I need to finally sit down and give a report on our Guatemalan trip. Joan went with me and we actually spent Christmas there in Guatemala City. We preached in 4 different churches and had a great time. Joan got to practice her Spanish and phrases and words that I had all but forgotten came flowing out of my mouth as I tried to communicate. Pastor Ontinel Rodriguez hosted us and set up our schedule. We got to the place to where between nods, unspoken knowledge and my broken Spanish we were able to communicate quite well. By the end of the trip he was experimenting with his English. On Christmas day we were eating a delicious meal prepared by Violeta, the pastor’s wife, I was trying to communicate to Pastor Ricardo. It was some thoughts that I had successfully communicated to Pastor Rodriguez before. When I was done, Pastor Ricardo was sharing with the others what I had said, when Pastor Rodriguez’ boys (he has 5 sons and a youngest princess) interrupted and told him what I really said. Saying all of this to say that I was able to communicate despite the language barrier and Pastor Rodriguez and his sons were in sync with me.
Pastor Rodriguez pastors the church that was pioneered by Frank Amada. I preached for his church and did a men’s discipleship. Our flights got delayed and missed because of storms in the Northeast so we had to fly through Panama and arrived without luggage. I took time from our search for bags to look out over a crowd of 100’s waiting for the passengers to clear customs. Joan and I eventually made our way through the crowd wondering how we would be recognized by Pastor Rodriguez. We eventually borrowed someone’s cell phone and called the # we had been calling from the states. We made contact and experienced the fun of talking while seeing the other person holding the phone. Mrs. Rodriguez said that she saw me when I looked over the crowd but that I looked younger than my picture with a baseball cap on. Remind me to not lose my baseball caps.
He put us up in The Pan American hotel. The Pan American is situated a block from the downtown plaza. It is an older hotel and is famous for their Guatemalan cuisine. We only ate two meals there but had coffee and bread there several times. Our first day in the city we took a stroll to the plaza. Christmas time had brought out all of the vendors with traditional items, international knock offs and lots of food. We went into two different cathedrals and the state house that was built for the President in 1942. The state house reminded me of our tour of Versailles in Paris. Hard to believe a third world country could support this level of extravagance. America somehow got and has retained to a certain degree the idea that leaders serve from the bible. Most third world leaders are served rather than serve.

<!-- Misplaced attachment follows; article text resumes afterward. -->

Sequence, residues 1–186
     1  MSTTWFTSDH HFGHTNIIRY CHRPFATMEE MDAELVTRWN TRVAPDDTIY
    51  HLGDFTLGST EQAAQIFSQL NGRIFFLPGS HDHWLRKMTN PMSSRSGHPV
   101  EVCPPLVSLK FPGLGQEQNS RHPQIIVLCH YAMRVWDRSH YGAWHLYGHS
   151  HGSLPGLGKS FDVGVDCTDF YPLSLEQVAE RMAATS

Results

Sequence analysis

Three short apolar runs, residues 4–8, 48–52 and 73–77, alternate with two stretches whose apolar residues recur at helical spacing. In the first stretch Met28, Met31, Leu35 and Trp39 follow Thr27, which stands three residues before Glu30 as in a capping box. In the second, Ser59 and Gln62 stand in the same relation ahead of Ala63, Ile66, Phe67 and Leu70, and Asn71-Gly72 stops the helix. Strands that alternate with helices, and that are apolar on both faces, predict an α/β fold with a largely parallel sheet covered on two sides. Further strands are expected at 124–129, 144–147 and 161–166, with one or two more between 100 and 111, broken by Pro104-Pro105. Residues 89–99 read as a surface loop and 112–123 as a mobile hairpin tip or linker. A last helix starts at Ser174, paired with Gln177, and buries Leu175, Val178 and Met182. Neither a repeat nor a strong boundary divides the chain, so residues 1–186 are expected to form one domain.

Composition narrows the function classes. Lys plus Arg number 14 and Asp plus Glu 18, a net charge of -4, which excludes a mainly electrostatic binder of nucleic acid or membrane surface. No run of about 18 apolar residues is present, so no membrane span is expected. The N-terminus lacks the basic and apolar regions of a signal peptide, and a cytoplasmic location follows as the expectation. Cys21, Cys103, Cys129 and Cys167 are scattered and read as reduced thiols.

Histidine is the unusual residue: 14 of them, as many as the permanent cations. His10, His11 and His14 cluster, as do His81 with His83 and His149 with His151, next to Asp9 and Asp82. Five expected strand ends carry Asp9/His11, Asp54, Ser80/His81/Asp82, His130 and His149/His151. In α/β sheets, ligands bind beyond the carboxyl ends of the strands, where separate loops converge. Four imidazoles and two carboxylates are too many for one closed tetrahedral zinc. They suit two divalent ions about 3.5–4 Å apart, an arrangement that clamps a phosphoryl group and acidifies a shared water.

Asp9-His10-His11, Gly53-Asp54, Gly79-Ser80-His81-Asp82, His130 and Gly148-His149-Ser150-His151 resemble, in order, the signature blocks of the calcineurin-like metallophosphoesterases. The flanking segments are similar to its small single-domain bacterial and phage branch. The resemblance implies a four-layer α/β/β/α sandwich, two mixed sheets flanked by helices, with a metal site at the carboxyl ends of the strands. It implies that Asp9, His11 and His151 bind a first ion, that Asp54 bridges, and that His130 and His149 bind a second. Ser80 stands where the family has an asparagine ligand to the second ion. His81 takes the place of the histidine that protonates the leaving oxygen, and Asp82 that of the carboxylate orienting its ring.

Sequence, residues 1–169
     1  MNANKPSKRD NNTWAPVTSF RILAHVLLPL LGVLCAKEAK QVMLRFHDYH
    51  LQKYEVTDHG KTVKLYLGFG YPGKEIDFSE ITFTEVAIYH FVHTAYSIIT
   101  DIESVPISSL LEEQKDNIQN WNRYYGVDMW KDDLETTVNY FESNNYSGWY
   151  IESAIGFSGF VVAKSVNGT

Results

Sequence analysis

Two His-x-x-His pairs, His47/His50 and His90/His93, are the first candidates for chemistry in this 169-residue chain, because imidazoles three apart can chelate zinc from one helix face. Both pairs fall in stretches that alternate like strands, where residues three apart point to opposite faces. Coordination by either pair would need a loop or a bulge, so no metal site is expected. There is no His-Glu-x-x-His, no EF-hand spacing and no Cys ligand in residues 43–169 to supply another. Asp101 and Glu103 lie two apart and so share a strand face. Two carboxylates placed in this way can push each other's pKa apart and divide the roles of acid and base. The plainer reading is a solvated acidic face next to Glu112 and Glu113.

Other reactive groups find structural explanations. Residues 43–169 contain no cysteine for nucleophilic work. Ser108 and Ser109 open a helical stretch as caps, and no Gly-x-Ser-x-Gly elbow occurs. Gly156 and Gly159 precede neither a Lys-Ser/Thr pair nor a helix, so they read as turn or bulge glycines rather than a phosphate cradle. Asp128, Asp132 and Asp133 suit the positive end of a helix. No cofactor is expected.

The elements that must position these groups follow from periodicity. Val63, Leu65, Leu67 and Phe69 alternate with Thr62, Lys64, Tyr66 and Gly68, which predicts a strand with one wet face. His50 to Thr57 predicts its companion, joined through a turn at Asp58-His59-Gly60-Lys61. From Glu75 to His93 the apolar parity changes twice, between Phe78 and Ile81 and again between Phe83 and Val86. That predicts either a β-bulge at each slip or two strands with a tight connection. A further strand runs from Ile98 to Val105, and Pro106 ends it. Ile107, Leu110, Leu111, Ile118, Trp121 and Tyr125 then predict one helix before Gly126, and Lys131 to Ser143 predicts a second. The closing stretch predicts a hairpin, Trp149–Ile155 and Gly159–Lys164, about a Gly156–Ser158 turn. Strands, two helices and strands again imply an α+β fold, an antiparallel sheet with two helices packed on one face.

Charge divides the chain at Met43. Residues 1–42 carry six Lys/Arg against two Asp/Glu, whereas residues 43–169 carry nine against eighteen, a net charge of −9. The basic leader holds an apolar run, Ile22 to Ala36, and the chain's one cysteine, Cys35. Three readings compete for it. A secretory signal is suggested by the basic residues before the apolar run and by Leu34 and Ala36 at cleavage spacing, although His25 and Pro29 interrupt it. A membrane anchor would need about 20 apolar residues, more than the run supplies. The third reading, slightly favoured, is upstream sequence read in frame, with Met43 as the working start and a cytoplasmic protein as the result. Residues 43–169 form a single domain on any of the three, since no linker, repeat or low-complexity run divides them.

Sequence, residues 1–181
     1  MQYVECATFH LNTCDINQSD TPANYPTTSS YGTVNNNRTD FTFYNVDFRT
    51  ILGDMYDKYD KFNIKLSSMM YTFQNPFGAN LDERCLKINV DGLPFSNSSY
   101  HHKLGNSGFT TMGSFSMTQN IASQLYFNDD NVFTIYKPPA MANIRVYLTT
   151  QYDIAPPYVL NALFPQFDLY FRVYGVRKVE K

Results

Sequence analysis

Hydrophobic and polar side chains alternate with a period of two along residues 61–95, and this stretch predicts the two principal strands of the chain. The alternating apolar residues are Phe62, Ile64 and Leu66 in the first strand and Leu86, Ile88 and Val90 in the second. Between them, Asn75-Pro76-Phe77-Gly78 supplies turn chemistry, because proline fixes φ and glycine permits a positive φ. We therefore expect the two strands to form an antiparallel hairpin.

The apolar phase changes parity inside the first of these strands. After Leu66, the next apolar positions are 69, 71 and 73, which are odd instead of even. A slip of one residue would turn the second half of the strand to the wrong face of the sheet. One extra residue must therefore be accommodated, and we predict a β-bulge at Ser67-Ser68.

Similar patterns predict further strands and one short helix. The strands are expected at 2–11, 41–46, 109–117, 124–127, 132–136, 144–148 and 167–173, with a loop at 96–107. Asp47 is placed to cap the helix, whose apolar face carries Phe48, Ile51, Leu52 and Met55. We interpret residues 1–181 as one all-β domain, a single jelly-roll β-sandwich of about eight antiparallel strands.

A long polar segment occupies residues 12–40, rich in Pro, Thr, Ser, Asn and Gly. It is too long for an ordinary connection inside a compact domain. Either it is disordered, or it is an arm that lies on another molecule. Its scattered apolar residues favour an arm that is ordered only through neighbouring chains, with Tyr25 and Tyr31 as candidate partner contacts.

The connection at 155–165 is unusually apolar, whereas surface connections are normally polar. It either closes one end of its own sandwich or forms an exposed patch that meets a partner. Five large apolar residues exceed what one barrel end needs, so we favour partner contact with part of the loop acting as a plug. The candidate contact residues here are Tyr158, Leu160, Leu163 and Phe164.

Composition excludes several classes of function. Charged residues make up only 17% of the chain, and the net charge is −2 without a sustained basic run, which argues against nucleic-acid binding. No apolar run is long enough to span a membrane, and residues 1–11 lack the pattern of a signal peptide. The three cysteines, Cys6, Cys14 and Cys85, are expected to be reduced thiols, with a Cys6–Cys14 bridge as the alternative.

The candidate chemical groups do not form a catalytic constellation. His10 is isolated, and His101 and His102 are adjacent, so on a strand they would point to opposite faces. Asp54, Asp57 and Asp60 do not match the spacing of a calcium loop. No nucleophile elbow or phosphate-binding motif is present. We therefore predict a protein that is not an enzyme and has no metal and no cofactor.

Pastor Rodriguez’ church was a pleasure to preach in. They had a lively song service. Pastor Rodriguez conducts the service with an air of authority. I met Pastor George Moreno from El Paso who would translate 13 of the 15 sermons I preached. The services were supported by the surrounding churches. There was a sense of unity and purpose through out my time there. Pastor Moreno counted this time of partnering for the sake of my need of a translator as a God-given moment to bring the different churches together. I included this idea with my discipleship that I preached.
We then traveled to Esquintla crossing the band of 15 active volcanoes that divide Guatemala. We stopped in Antigua for some tourist shopping and a view of the volcano overlooking the city. We then toured the cathedrals that were destroyed by earthquakes and volcanoes. There were many tourists in Antigua and I saw lots of offers to take buses to different locations in Guatemala. While we were in Guatemala one of the other pastors called George from his campsite on the edge of one of the volcano craters. I had promised Anna Marie (Pastor Rodriguez’ daughter) lunch at MacDonald’s (pronounced McDonnas). MacDonald’s is very common in Guatemala. Many of them even include the McCafe for Starbucks like coffee which they serve to you at your table. Usually next to every MacDonald’s there is a Pollo Campero, Guatemala’s pride and joy of the fast food world. This Guatemalan chain is going international. Our first visit there we were kind of let down by the fast food nature of the place, but it seemed to be the local favorite and when you ordered your chicken traditional style it came with all of the fixings of a home cooked Guatemalan meal.